1902 Encyclopedia > Diamond > Diamonds: Optical Properties, Chemical Character and Composition. Action of Heat on Diamonds.

Diamond
(Part 3)



Optical Properties of Diamonds. Chemical Character and Composition of Diamonds. Action of Heat on Diamonds.

The optical properties of the diamond are also very remarkable. The purest stones, or those of the first water are highly transparent, and colourless. But more generally it is less transparent, and shows various tints, specially white, grey, or brown; more rarely blue, red, yellow, green; and very seldom black. Such stones, when the colours are pure, are often highly valued. It is also distinguished by its brilliant adamantine lustre. Newton, two centuries ago, remarked its high refractive power, and from this conjectured that it was a substance of a peculiar nature. The index or refraction is 2.4135 for the red rays, 2.4195 for the yellow, and 2.4278 for the green. This high refractive power, and the strong reflection at both surfaces, render it seldom completely transparent, but give it the high luster for which it is valued as an ornament. They also produce the numerous internal reflections seen in the interior of cut stones, all the rays of light falling on the posterior surfaces at angels above 25° being totally reflected. Like all crystals of the same system it possesses only simple refraction, but Dr (Sir David) Brewster found that many showed traces of double refraction by their action on polarized light. This he ascribed to a peculiar tension produced in the interior of the stone during its formation, and a somewhat similar explanation is still adopted.

In a history of gems published early in the 17th century, Boetius de Boot conjectured that the diamond was an inflammable body. Robert Boyle, who in 1664 described its property of shining in the dark, or phosphorescing after being exposed to the light of the sun, a few years later observed that a part of it was dissipated in acrid vapours when subjected to a high temperature. This combustibility of the diamond was confimed in 1694 and 1695 by experiments with a powerful burning glass or lens made in the presence of Cosmo III., grand duke of Tuscany, by the Florentine Academicians. The experiment of the combustibility of the diamond when freely expose in a strong heat has been often repeated, and is true character was proved by Lavoisier, who determined that the product was carbonic acid gas. Sir George Mackenzie converted iron into steel by powdered diamonds; whilst Mr Smithson Tennant showed that the carbonic acid produced corresponded to the oxygen consumed. No doubt, therefore, now remains that the diamond is only pure carbon in the crystallized condition, and like it insoluble in acids.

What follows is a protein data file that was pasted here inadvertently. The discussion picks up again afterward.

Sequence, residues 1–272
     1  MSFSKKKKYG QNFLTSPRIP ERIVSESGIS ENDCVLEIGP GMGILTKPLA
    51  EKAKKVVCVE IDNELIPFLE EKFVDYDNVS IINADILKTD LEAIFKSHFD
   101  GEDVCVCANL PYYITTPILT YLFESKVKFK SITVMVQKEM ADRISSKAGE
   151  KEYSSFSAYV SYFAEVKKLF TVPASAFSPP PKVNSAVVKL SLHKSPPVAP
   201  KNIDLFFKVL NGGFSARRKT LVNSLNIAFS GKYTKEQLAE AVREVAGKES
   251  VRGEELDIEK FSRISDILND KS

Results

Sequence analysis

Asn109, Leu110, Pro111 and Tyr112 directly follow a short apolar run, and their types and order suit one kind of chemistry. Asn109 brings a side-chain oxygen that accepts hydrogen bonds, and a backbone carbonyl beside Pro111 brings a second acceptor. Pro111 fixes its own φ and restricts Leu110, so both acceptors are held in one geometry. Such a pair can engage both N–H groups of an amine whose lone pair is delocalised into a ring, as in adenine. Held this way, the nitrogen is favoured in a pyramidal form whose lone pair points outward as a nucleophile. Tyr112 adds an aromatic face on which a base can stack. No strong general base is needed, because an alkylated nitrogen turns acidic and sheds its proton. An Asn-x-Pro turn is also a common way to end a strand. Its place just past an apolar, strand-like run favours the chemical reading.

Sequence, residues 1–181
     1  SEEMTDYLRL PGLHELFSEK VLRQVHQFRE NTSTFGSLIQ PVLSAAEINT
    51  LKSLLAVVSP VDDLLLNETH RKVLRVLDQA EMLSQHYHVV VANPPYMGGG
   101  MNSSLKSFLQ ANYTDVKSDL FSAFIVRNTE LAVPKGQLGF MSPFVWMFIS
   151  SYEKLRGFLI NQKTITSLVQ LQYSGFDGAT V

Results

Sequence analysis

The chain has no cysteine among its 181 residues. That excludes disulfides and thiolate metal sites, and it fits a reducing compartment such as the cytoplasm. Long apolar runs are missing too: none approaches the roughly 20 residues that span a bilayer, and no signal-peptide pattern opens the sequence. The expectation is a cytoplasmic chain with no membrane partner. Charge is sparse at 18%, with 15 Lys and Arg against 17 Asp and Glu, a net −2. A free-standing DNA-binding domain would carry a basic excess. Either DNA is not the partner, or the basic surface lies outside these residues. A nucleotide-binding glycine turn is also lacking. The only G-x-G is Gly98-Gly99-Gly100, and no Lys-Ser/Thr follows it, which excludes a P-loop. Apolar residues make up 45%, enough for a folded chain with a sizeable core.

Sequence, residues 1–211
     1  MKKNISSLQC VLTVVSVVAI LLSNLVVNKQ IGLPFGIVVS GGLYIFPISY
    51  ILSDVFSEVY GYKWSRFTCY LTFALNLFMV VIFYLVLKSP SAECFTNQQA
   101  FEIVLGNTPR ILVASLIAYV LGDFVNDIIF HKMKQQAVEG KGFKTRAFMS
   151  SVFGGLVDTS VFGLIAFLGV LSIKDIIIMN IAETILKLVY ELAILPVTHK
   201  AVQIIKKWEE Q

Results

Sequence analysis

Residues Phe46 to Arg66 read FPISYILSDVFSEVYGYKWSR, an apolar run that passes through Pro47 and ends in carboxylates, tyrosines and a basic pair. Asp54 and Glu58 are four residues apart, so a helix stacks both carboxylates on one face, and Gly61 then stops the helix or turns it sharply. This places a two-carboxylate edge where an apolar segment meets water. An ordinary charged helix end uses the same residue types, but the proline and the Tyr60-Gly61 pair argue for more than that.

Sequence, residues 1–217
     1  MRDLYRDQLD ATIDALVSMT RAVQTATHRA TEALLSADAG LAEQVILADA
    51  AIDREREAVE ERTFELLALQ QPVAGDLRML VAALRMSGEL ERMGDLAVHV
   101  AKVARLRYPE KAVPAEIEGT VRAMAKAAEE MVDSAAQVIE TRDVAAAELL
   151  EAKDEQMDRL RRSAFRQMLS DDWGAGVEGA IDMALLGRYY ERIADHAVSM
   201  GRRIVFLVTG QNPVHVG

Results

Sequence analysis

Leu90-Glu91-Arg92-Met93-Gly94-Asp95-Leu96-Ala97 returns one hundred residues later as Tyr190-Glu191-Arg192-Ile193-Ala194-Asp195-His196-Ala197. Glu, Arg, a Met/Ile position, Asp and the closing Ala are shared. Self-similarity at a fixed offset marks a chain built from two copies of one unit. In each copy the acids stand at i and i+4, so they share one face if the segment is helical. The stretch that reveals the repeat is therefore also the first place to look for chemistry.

In regard to the action of heat on the diamond, various experiments have been made. Before the blowpipe it can infusible, and closely packed in powdered charcoal it can resist a very high temperature. But when oxygen is present it burns slowly at a temperature usually given at about that of melting silver. Gustaf Rose lately found that when air is excluded diamonds exposed to a temperature at which pig-iron melts, or to the strongest heat produced in the porcelain kiln, undergo no change; but at a higher temperature, like that at which bar-iron melts, they begin, whilst retaining their form, to be converted into graphite. He further observed that when diamonds and graphite. He further observed that when diamonds and graphite were exposed together in the same muffle, foliated graphite was far more difficult to burn than the diamond, but compact graphite was consumed more readily. In the current of air the diamond gradually became smaller and smaller, but retaining its brilliancy till it finally vanished.

The faces also during burning became marked with peculiar triangular hollows, with their sides parallel to the edges of the octahedron. Seen in a strong light they appear as faces of an icositetrahedron, whilst other regular triangular impressions on the faces of natural crystals of diamond are produced by faces of the dodecahedron. (Rose, "Ueber das Verhalten des Diamants," &c., in Berlin Monatsberichte, June 1872).





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